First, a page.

January 22, 2010
Cdn. Maslany getting Sundance buzz
By KEVIN WILLIAMSON, QMI Agency
PARK CITY, Utah — In Hollywood, you’re only nobody until you’re the next somebody.
Just ask Canadian Tatiana Maslany, whose Sundance debut is earning ecstatic — if daunting — comparisons to some now-famous festival alumni.
“She’s a major talent,” raves Sundance director John Cooper. “I’d never heard of her before and watching her, it’s kind of amazing. It’s like Ellen Page (in Hard Candy) or Carey Mulligan in An Education. She just popped onto the scene, and you think, ‘Wow.’ ”
Told this, the 24-year-old Maslany, who moved from Regina to Toronto three years ago, is elated. And disbelieving. “Really? That’s insane. I can’t even imagine that. Those girls are phenomenal ... Ellen Page is so uniquely herself and so is Carey Mulligan. In Hollywood, there’s always pressure to be a certain way. But not all girls fit into a mould.”
Nor do all films. Grown Up Movie Star from first-time director Adriana Maggs stars Maslany as Ruby, a Newfoundland adolescent abandoned by her mother, who discovers her ex-hockey player father (Shawn Doyle of TV’s Big Love) is gay.
For Sundance, which has announced a return to its low-glam roots as a beacon of fresh cinematic talent, Grown Up Movie Star is an ideal fit. “I’m a huge Robert Redford fan,” Maslany says. “Just to know that this is his baby, I love the idea of being part of it.”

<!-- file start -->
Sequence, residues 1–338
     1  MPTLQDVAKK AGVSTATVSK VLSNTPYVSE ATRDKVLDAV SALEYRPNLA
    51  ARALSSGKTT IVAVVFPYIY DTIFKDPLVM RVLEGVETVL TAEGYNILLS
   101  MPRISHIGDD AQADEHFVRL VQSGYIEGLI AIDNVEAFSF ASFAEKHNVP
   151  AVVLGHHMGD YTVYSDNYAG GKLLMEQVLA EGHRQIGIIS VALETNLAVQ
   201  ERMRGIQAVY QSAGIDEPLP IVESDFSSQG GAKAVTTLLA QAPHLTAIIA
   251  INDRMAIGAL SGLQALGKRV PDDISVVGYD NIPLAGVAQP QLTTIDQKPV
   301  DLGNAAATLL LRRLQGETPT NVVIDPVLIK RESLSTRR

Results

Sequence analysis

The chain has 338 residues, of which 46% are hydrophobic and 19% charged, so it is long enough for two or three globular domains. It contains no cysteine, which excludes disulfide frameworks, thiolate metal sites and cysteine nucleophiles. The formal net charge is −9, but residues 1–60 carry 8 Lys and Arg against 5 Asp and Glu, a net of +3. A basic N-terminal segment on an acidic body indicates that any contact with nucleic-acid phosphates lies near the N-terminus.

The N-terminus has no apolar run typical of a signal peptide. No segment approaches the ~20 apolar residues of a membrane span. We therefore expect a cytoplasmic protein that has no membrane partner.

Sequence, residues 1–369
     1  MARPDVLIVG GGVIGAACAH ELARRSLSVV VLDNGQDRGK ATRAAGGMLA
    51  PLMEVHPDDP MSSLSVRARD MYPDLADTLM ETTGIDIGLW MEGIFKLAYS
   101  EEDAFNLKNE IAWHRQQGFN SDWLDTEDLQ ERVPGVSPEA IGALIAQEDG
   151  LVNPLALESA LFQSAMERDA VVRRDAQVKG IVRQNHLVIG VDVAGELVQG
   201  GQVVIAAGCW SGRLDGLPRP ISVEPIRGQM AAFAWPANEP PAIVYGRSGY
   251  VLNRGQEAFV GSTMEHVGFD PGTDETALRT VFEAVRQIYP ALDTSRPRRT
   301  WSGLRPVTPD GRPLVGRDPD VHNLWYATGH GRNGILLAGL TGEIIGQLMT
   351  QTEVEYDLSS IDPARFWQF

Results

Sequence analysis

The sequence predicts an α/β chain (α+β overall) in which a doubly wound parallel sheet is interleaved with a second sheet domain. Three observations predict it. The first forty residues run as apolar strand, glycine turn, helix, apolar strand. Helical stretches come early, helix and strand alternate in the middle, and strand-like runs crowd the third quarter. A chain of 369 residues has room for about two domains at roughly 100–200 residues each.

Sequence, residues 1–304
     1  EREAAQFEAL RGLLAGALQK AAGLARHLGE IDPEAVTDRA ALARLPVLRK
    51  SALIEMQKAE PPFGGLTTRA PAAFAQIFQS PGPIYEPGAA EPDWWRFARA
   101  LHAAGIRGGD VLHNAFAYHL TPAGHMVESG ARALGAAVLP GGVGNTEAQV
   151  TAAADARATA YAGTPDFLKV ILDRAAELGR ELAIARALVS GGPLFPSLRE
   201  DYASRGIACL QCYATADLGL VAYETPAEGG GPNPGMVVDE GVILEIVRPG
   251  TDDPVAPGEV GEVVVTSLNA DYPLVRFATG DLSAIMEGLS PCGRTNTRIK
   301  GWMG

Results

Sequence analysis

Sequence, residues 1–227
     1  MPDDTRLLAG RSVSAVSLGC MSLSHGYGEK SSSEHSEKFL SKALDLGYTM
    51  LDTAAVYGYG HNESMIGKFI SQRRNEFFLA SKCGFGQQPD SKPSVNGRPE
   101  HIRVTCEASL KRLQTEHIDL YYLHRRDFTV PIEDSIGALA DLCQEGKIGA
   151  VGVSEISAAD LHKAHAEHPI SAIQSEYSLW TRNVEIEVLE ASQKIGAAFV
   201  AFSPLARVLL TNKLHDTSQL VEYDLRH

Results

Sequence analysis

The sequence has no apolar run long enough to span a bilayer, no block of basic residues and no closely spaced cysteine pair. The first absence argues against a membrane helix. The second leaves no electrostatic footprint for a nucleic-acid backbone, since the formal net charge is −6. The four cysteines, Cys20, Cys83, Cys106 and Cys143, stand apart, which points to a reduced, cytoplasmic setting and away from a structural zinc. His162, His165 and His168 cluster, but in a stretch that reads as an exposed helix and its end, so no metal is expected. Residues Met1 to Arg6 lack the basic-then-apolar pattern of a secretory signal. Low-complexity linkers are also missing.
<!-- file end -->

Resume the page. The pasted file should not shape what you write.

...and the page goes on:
It wasn’t long ago that Maggs, a television writer and producer, was left wondering if anyone would even see her movie after it was rejected by the Toronto International Film Festival last year.
“I thought no one would see it after that. It was scary,” says the Newfoundland-born filmmaker. “I wouldn’t be talking to you if it wasn’t for this. Being a selection at Sundance is the best possible thing.”
Especially in the wake of effusive critical praise for Maslany.
Maggs acknowledges she had doubts about whether the actress, best recognized from such CBC series as Heartland, was too old for the role, but auditioned her anyway on Doyle’s recommendation.
“He had worked with her and just adored her. She was unbelievable. She’s just amazing.”
As far as Maslany was concerned, the external transformation into a teenager was, in fact, the simple part. “I’ve always played younger. I don’t look my age. For me, it’s opening up a side of playfulness and innocence. Ruby is so different from me. It’s about going back to those places when you’re learning everything, and keeping that openness.”
The question now for both Maslany and Maggs is whether the Sundance buzz will translate into larger audiences when the film opens next Friday in Toronto, and in other Canadian markets later on.
Maslany thinks so. Canada, after all, has an unfortunate history of ignoring its own artists until they’re lauded in the U.S.
“We seem to struggle within our community to take pride in what we do. There are a lot of amazing films that don’t get seen. We need to support our stuff.”